Canadians can no longer buy, sell or transfer handguns, and cannot bring newly acquired handguns into the country, Prime Minister Justin Trudeau has announced.
“Update: People can no longer buy, sell, or transfer handguns within Canada – and they cannot bring newly acquired handguns into the country,” Trudeau tweeted Friday.
The “national handgun freeze” is part of a major gun control law that’s still being debated in Canadian parliament, however Trudeau’s administration is already “taking immediate action” to put the handgun freeze in place.
“Canadians have the right to feel safe in their homes, in their schools, and in their places of worship,” Trudeau stated. “With handgun violence increasing across Canada, it is our duty to take urgent action to remove these deadly weapons from our communities. Today, we’re keeping more guns out of our communities, and keeping our kids safe.”
Applications to buy, sell, or transfer handguns submitted before Oct. 21, the date of the announcement, will still be processed.
Limited exceptions on the freeze will apply to “high-performance” sport shooters and people who carry handguns in legal lines of work, according to the announcement. Businesses such as gunsmiths, the film industry and museums will also be exempted.
The wider gun control law being worked on now would also implement a new red flag law, expand the ability to revoke licenses, and increase penalties for firearms trafficking and smuggling, according to a government summary.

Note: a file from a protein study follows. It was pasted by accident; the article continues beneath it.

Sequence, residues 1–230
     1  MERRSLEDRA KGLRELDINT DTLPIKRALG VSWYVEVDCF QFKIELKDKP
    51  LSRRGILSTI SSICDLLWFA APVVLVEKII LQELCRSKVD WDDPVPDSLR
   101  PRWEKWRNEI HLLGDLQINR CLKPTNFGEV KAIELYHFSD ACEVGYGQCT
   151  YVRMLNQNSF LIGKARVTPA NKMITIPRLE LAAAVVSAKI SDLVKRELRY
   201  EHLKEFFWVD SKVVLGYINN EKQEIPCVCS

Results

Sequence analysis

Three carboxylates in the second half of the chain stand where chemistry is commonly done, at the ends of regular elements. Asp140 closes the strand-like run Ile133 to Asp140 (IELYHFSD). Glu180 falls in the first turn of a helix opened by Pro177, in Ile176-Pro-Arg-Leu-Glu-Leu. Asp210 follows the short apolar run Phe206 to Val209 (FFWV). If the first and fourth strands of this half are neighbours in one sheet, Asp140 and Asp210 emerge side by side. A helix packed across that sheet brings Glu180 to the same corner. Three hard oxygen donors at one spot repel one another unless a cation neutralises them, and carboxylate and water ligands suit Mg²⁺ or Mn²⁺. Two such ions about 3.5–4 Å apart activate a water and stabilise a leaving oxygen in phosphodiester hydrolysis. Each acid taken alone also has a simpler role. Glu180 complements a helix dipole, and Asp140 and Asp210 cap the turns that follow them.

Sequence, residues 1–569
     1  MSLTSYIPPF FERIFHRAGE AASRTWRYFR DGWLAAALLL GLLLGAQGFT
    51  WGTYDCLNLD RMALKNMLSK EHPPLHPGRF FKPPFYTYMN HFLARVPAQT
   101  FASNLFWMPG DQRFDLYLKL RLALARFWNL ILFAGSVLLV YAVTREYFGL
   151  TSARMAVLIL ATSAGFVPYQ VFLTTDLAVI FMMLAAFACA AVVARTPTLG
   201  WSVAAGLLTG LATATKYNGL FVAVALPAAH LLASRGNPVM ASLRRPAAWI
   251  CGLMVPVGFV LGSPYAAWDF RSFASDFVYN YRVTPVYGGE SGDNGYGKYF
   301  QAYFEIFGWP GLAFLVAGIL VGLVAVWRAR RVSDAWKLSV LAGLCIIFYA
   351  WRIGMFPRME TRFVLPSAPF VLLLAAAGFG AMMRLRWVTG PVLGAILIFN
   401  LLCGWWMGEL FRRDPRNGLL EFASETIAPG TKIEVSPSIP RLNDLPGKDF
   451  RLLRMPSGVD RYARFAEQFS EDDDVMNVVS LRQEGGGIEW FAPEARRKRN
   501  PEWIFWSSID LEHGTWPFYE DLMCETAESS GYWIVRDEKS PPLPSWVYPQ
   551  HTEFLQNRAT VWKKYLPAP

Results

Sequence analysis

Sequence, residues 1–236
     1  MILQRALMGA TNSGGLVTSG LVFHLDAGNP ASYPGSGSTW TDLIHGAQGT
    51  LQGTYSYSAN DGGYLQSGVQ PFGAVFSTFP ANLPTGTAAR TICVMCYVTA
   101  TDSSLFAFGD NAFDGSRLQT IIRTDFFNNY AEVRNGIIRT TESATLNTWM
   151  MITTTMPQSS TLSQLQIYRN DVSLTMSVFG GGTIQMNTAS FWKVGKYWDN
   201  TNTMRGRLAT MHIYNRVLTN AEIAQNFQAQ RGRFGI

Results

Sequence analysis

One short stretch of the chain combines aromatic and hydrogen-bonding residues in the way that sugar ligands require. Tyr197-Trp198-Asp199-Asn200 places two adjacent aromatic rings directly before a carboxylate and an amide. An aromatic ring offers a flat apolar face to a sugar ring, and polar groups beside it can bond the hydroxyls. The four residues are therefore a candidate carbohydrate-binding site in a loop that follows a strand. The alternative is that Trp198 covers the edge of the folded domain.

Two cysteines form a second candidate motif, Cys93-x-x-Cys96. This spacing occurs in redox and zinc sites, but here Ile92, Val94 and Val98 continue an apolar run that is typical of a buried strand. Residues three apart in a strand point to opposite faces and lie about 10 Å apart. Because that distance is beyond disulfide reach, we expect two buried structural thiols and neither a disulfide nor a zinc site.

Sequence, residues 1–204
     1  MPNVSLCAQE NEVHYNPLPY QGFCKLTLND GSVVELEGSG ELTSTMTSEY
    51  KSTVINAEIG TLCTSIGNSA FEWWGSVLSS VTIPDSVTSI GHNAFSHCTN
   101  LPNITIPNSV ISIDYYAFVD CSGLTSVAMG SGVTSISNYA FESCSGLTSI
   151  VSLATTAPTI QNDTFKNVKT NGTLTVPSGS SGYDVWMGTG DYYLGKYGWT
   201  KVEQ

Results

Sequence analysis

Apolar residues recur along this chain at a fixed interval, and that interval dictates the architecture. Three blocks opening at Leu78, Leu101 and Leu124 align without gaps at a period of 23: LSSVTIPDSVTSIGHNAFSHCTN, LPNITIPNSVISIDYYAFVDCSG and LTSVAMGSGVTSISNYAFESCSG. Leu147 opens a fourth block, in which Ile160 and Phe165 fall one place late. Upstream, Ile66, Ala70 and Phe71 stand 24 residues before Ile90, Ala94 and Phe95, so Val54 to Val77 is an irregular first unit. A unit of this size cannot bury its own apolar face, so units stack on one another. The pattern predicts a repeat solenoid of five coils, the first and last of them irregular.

“We made a commitment to Canadians that we would act – and we are,” said Minister of Public Safety Marco Mendicino. “The national freeze will tackle the alarming role of handguns in crime, gender-based violence, and more. We are using all tools at our disposal to fight gun violence and will not rest until all Canadians feel safe in their communities.”
“Quick facts” included in Trudeau’s announcement include that handguns were used in most firearm-related violent crime from 2009 to 2020, and that there are 70 percent more handguns in the country now than in 2010.
The announcement states that a nearly $1 billion investment in gun control since 2016 contributed to a record number of gun seizures at the Canadian border last year.